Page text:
So, if this relaxed view about immigration laws comes as a package deal with more relaxed views about, say, drug laws, then it seems more philosophically respectable to me. But too libertarian for many of the people who are pushing the view in question.

On the other hand, I'm not sure why many of the claims at issue here don't entail that we are obligated to eliminate all immigration laws and just have fully open borders. But that seems absurd.

Actually, I'm not sure open borders are that absurd. Europe's coping with internal open borders, and so is the US. It's the height of xenophobia to declare that just because a country has a Slavic or brown majority, it's okay to restrict freedom of movement from it. On a global scale it's like the South African apartheid system, in which white erected tall fences to keep the black and brown people out and the money in.

So, if this relaxed view about immigration laws comes as a package deal with more relaxed views about, say, drug laws, then it seems more philosophically respectable to me. But too libertarian for many of the people who are pushing the view in question.

Well, I definitely think the War on Drugs is stupid and so is criminalizing possession of hash and pot. I'm more torn about hardcore drugs like heroin, but even on them I'm more in agreement with the radical liberals than with the radical conservatives (I'm positive that in the US, liberals outnumber libertarians at least 5 to 1 among people who support decriminalization of drug possession).

But my comment was really intended as a way of pointing out that our immigration laws are NOT unjust. We let in a reasonable number of people from Mexico, there's nothing wrong with regulating immigration, etc., etc.

Even without invoking the open borders argument, I think it's possible to argue that the USA's current immigration laws are very unjust. Basically, in a democratic country, the burden of proof is always on the party that proposes government action. Environmental regulations require proof that otherwise there will be serious damage to the ecosystem; public health care requires evidence that private insurance doesn't work; abortion restrictions require clear evidence for fetal personhood; and immigration restrictions require proof that they're needed to help the economy and reduce crime.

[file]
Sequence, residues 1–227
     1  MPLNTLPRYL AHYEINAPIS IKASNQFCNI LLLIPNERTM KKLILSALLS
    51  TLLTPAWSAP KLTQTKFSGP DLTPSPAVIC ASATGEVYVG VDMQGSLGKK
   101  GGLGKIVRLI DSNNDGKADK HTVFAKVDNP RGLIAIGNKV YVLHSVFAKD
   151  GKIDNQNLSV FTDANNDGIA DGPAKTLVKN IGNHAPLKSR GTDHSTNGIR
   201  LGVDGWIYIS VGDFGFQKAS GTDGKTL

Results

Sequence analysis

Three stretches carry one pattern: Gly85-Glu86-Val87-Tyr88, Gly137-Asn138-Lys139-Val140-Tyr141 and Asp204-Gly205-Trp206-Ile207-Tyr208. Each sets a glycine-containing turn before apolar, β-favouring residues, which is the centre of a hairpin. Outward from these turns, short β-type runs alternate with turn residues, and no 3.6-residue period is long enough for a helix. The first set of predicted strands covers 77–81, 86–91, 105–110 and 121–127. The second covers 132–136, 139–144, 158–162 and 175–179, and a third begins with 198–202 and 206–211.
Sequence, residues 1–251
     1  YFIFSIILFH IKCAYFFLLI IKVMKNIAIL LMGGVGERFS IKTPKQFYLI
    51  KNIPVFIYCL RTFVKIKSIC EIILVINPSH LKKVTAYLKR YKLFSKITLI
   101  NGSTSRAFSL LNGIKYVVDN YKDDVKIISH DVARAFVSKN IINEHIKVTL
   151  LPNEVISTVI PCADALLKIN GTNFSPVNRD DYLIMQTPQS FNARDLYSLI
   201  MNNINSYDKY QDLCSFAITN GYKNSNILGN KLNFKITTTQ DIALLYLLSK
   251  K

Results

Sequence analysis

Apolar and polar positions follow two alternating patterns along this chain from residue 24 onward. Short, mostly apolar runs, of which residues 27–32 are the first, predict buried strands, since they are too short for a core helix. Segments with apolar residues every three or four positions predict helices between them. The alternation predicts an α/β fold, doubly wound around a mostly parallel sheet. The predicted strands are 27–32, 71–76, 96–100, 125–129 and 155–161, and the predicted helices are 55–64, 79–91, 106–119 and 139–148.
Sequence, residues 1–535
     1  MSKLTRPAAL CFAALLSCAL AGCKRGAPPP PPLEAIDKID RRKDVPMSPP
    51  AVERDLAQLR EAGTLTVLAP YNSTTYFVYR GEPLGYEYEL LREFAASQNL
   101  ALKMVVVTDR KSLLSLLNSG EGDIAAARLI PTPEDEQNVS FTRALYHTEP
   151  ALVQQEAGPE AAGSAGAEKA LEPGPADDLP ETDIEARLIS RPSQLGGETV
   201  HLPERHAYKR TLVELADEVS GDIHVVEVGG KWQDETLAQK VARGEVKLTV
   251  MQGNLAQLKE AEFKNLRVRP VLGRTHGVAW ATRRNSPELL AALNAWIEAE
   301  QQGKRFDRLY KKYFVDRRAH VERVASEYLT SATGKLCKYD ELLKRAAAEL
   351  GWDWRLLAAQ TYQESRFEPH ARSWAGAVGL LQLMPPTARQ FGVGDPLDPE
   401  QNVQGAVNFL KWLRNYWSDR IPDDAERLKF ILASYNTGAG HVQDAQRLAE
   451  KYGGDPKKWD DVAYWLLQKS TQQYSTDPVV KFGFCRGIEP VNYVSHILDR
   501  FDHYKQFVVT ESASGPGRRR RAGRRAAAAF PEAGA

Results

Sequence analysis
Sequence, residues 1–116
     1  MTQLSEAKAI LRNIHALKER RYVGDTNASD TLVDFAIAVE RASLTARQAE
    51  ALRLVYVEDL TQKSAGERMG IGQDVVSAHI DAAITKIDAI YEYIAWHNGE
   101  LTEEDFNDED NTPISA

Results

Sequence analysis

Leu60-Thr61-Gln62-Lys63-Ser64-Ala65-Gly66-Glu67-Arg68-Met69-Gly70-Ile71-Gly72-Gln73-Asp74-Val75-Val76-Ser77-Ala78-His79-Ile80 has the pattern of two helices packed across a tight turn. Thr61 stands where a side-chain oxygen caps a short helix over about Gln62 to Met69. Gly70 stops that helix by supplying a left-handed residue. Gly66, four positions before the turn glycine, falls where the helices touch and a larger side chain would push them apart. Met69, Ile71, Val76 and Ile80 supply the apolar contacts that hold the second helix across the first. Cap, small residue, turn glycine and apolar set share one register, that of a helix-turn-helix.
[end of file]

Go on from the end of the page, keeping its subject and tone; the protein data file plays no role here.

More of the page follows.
However, as of now there is no such proof, unless corporate practices from a time when there were no government regulations of the market count as evidence. Even if some immigration restrictions are just, the highest tolerable level of restriction is far lower than is currently used in the US. In particular, it's unjust to threaten legal immigrants with deportation if they strike, and to make unpersons of 11 million people who are necessary to maintain the integrity of the American economy.

Why are we talking about (scapegoating) undocumented workers, and not the people who hire them? They wouldn't come here if there wasn't pleanty of work for them.

"Give us your hungry, your tired, your poor..." what ever happened to that? I'm not talking about Bush here, this is beyond Bush. There are reasonable people I know who think that Mexicans are taking something away from them although they can't figure out what that something is (services, they mumble, as if they resent having to pay the fire dpt. for putting out a tenement fire.)


Not just services, but our entire culture! The Culture That Made This Country Great! The culture that has remained unchanged since 1776!

back to my "leave us alone" theme. by leaving us alone, we will find a way, among ourselves, to live together in mutual benefit. it is people down here on the border that seeing the mounting death toll began to set up stations of water in the desert. at first, some of the crossers were afraid to utilize them, fearing a border patrol trap. but, as time and extreme thirst took over, they began to be used. we'll never know how many lives are saved by little things like this because, lives saved, they move on. there's an old bob dylan line, "to live outside the law, you must be honest." that's the life of the illegal. don't make waves, don't attract attention, don't cause a fuss, deportation is the first consequence of anything. i oppose "guest worker" ideas because i see in them the same themes as spartan helotry. you're good enough to pick our lettuce, broccoli, and asparagus, but your children are not good enough to be in class with mine. . .not a very american position. the problem is thorny, and complex. it threads through many, many beads. that's why i want you to leave us alone. we'll fix what's in front of us. just quit trying to fix us, let us fix ourselves.